While waiting for our ride, I checked my phone and saw the epic conditions that the pros had scored at Cloudbreak. On the south side of Fiji, there’s another world-class outer reef – Frigates Passage – that by almost every account, rivals Cloudbreak. The only differences are that rather than being 2 miles from shore, it’s about 14 miles from Waidroka (and 7 miles from anywhere) and as a result, less crowded. Although I was keenly interested in trying Frigates, conditions were such that a good opportunity didn’t present itself until my last day, and then, not enough time. Frankly, as powerful as the waves were where I was surfing, I’m not sure that wasn’t a complete blessing. There’s no skis to pluck you out of trouble out there.
Of course, the flipside to my angst: it gives me the perfect excuse to try and get back to Fiji.
Close to perfect, anyway.
Since its birth hundreds, if not thousands of years ago, surfboard design has never ceased evolving. From ancient paipos, olos and alaias to modern longboards and shortboards, every new generation of surfers has always looked both forward and backwards in never-ending attempts to find new ways to enhance performance or just have a good time and more unique experience in the water.
These days, experimental boards of remarkable diversity continue to emerge at a breathtaking pace. A glimpse around your local lineup on any given weekend will provide testament to this trend. And for every surfer you might see at home trying out the latest unusual shape, there’s a steady stream of new web clips waiting every time you surf the net to show you how a dozen others are doing it someplace else.
Like most surfers, I appreciate the continuing revolution(s) in board design, including the most recent retro-and post-modern experimentation in shapes and construction. But whenever I witness someone drawing smooth lines on an asymetrical slider, tombstone-style alaia or vintage Steve Lis fish, my focus invariably winds up not on the equipment, but rather the rider and on the transcendent nature and enduring value of great style. And that’s not something you can buy off the rack.
Your shaper can’t imagine or engineer style into you. He can only provide a framework for drawing out your own natural expression of it; an expression fashioned by some inexplicable combination of God, genetics, friends, heroes, the break(s) you grew up surfing and the good or bad memory of 640 different muscles that make up our human bodies.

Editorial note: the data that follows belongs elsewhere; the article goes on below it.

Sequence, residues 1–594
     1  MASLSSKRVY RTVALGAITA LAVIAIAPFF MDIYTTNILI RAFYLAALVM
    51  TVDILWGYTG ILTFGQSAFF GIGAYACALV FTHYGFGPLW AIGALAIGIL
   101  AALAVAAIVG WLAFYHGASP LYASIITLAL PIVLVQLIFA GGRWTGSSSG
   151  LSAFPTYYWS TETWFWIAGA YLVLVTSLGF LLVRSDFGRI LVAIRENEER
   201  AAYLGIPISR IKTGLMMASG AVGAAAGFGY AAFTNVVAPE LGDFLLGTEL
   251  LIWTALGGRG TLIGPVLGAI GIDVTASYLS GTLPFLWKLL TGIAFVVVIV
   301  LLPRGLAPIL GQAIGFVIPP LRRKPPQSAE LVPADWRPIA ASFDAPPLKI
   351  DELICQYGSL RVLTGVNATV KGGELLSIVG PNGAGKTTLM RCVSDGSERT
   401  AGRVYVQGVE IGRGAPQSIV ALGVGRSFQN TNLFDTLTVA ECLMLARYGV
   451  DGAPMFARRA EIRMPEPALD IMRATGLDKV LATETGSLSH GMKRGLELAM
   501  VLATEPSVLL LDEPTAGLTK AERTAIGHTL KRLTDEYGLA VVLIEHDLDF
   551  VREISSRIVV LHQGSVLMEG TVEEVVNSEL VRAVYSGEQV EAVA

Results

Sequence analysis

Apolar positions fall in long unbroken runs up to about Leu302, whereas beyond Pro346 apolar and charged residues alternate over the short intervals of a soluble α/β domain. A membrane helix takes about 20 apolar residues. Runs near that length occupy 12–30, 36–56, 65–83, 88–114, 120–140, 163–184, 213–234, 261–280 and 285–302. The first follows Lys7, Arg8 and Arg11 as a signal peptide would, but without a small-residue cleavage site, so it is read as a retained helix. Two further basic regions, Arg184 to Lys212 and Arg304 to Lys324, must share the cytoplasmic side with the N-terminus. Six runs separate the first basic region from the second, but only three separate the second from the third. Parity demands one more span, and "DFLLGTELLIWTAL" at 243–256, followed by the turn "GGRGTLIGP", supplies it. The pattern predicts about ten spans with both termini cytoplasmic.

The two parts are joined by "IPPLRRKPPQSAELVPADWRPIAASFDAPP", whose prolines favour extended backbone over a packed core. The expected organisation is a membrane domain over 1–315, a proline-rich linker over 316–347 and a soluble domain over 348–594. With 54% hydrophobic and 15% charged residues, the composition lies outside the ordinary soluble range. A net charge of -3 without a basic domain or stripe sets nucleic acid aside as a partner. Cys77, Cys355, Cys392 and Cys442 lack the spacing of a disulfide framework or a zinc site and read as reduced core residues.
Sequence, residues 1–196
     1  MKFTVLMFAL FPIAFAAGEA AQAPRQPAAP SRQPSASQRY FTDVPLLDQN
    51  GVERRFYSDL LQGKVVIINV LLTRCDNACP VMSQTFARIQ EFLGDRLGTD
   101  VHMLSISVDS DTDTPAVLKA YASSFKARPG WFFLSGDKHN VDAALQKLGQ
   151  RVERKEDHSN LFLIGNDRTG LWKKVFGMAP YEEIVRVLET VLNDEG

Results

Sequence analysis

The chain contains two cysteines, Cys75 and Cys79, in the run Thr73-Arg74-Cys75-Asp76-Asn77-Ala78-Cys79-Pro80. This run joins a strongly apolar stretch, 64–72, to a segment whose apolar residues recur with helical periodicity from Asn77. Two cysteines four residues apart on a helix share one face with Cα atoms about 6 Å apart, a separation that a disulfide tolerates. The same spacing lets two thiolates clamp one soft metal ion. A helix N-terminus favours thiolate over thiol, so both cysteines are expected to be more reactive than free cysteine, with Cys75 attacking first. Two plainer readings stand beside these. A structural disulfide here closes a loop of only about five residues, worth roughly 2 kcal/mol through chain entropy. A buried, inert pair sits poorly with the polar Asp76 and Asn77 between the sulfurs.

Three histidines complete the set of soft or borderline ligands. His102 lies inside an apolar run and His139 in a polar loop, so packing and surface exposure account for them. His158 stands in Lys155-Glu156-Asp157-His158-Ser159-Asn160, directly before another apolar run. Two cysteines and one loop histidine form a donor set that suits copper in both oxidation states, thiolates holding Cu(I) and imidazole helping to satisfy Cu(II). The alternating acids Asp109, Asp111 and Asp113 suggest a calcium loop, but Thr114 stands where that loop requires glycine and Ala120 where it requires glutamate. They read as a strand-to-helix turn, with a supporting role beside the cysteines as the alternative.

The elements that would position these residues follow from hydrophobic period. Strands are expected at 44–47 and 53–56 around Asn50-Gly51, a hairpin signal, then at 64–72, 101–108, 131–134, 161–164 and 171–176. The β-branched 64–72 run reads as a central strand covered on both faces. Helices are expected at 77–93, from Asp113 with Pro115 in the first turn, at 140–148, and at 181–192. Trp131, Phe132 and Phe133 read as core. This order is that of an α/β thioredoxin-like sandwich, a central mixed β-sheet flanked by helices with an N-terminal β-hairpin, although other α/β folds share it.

Great style is magical.
It is hard to define and as unique as our own DNA. At the same time, most of us claim to know great style when we see it, even if it’s served in a thousand different flavors. Clearly, it’s important to us. It’s one reason why an explosive, acrobatic world champion can be criticized for stink stance, while others with air games nowhere nearly as advanced, are routinely recognized as being better overall surfers.
Heck, did Tom Curren ever ascend even ten inches above the lip? More to the point, did he need to? No.
And yet, Curren is still universally heralded as perhaps the second greatest surfer of all time behind only Kelly Slater (witness some of the most stylish tuberiding ever at 7:32), whose unparalleled mix of speed, style, power, flow and explosiveness may never be rivaled.
Great style is transcendent.
It transcends age, gender, body type, wave type, conditions and whatever surf craft it is you might happen to be riding. It typically begins to evidence itself early in our surfing lives and matures as we ourselves do. To be certain, we can all improve our skills and work to refine our style over time, but core style is so ingrained and inherent in each of us that slivers of its true nature will always be revealed, no matter how much time and attention we’ve dedicated to “fixing” our less stylish bad habits.
I can recall two specific instances in my life when the true nature of style presented itself to me in clear, unequivocal fashion–two occasions when I paddled out with different surfers who were regarded as two of the best, most stylish surfers in the area where I grew up. Perhaps not coincidentally, both were pretty decent on a skateboard, as well. Although both were often encouraged, neither had much interest in surfing competitively. They were simply passionate about surfing as an activity and a lifestyle.
Randy, the first fellow, was pretty much an All-American kind of guy–smart, laid back and just a really cool, fun guy to be around. Physically, he was on the short side of average with a compact, athletic build not uncommon to many pro surfers. We agreed to meet out at the Jax Beach Pier one hot summer morning to try and catch a few. But when we arrived, as is the case on so many Florida summer mornings, there was little energy in the ocean, save for the slightest occasional burps from a far-distant SE background swell.
While I almost immediately resigned myself to the fact that there’d be no surfing that day and began weighing our fishing prospects, Randy began waxing up his board saying, “Well, I’m gonna’ go catch a couple. You comin’?”